For my entire Life, starting this very day until I die...
("From this Day forward" "Until Death parts us")
"I promise you EVERYTHING, through ANYTHING, until I (or you) DIE." Witnessed by a crowd, hallowed by the presence of a minister, and of the Bible (and of God, presumably), and sealed with a kiss, a ring, and a Contract.
But notice something very important: We never promise to go on FEELING the way we did on our Wedding Day!
In fact, the Vows themselves clearly allude to the reality that there will be many days where we do NOT "feel" the way we did on that day, and that there will be Circumstances throughout all of LIFE that will tempt us to think that the Marriage was "a big mistake"; we will realize, on MANY occasions, that we are not "Happy" anymore, that the "passion" has gone, and it is precisely at those moments that the Vows we took to one another become necessary...
"FEELINGS" come and go; "passions" rise and fall, wax and wane, and absolutely nobody can reasonably and practically promise to FEEL, decades from now, what he is feeling on any given day, including the Wedding Day.
For an excellent treatment of the idea of "Feelings" in Marriage, from the perspective of the Christian World View, read this chapter from "Mere Christianity" entitled, Christian Marriage.
- ...I am convinced that neither death nor life,
neither angels nor demons, neither the present
nor the future, nor any powers, neither height nor depth,
nor anything else in all creation,
will be able to separate us from the love of God...
--Romans 8:38, 39
Monday, June 04, 2012
Sunday, May 06, 2012
But it's only temporary: After cleaning port-a-johns, or plucking trash out of a conveyor line, or dealing with irate customers, or working long hours -- after enduring the rigors of his "typical" employees -- the CEO gets to clean up and go back to his corporate office, his golf game, and his sprawling house in the suburbs. The whole experience for him -- while insightful -- is nothing like the normal, comfortable, affluent life he can return to when the episode has been filmed. He can view the entire week with a certain detachment, knowing that this is not his true Reality -- not his normal Perspective -- and that soon he will return to a better life.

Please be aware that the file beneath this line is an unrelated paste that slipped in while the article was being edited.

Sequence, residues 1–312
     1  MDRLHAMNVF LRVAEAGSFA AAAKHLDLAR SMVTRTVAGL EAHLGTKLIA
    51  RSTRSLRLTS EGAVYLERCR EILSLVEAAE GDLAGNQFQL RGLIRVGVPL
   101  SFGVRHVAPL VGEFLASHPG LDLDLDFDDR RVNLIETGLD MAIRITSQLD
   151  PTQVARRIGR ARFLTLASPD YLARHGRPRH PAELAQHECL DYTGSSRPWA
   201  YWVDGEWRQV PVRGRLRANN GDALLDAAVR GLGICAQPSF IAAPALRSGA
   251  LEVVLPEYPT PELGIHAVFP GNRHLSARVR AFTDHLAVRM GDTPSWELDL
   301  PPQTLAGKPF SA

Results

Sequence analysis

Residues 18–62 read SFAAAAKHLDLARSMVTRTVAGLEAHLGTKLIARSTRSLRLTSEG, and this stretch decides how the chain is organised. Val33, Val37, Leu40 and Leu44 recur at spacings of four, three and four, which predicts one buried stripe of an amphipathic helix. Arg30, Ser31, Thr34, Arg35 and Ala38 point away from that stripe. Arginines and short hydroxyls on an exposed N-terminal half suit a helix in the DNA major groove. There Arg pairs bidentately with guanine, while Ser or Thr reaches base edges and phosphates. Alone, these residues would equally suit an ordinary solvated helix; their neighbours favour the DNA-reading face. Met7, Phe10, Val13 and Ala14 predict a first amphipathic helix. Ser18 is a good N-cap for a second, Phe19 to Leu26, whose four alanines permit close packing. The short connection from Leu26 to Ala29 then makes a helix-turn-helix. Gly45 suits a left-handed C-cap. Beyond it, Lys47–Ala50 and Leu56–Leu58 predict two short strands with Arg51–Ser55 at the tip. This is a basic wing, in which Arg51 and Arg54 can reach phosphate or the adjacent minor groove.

You can check out some of the episodes here...
It occurred to me today that the Christian is in a very similar position: Having had SONSHIP bestowed upon us by our adoption into the family of God, and because of God's great LOVE for us as expressed through the death and resurrection of Christ, Christians can live in the here-and-now with a stunning, new Eternal Perspective: We are destined for an eternity of Love and Joy and Gladness, a never-ending, wonderful Life of being completely, perfectly SATURATED with the Truth and Beauty and Goodness that are the very Nature of God Himself.
Christians should spend an enormous amount of time pondering what's ahead for us, because the more we can grasp it, the more we can wrap our minds around it, the more it changes our Perspective on the here-and-now: Everything that happens here on Earth -- whether it is death, or sickness, or misery of all sorts, as well as the good things in our lives -- is strictly temporary, and soon enough, this present world will vanish from sight and we will be taken away to be with God forever, celebrating as a family in a World we can hardly imagine.
Even now, we can begin to see "clues" or "hints" about that World if we're looking for them, and if we're asking God to show them to us. Indeed, God wants to change our hearts ("...be being transformed...") so that we can see and understand more and more of His Glory even now... But isn't it good to ponder the reality that this will all soon be over, and that we will then enjoy Life, REAL Life, with God, and that it will never end... ?
To the extent that we can practice viewing everything from this Eternal Perspective, we will be increasingly able to see, and understand, and be encouraged by the LOVE that calls us "sons".